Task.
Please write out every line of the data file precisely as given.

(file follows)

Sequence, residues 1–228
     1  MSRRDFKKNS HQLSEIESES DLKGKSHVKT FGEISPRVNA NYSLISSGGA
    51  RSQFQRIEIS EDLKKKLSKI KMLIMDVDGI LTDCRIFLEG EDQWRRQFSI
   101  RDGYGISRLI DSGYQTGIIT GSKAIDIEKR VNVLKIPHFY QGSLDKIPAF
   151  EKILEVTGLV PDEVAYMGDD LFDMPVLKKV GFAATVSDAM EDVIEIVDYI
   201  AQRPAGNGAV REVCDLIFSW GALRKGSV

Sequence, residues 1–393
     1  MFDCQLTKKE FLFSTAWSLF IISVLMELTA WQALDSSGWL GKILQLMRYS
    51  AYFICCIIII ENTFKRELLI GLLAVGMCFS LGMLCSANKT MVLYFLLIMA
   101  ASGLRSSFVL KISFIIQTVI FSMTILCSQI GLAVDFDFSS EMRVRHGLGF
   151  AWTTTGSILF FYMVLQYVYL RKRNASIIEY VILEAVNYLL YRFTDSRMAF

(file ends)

Sequence, residues 1–228
     1  MSRRDFKKNS HQLSEIESES DLKGKSHVKT FGEISPRVNA NYSLISSGGA
    51  RSQFQRIEIS EDLKKKLSKI KMLIMDVDGI LTDCRIFLEG EDQWRRQFSI
   101  RDGYGISRLI DSGYQTGIIT GSKAIDIEKR VNVLKIPHFY QGSLDKIPAF
   151  EKILEVTGLV PDEVAYMGDD LFDMPVLKKV GFAATVSDAM EDVIEIVDYI
   201  AQRPAGNGAV REVCDLIFSW GALRKGSV

Sequence, residues 1–393
     1  MFDCQLTKKE FLFSTAWSLF IISVLMELTA WQALDSSGWL GKILQLMRYS
    51  AYFICCIIII ENTFKRELLI GLLAVGMCFS LGMLCSANKT MVLYFLLIMA
   101  ASGLRSSFVL KISFIIQTVI FSMTILCSQI GLAVDFDFSS EMRVRHGLGF
   151  AWTTTGSILF FYMVLQYVYL RKRNASIIEY VILEAVNYLL YRFTDSRMAF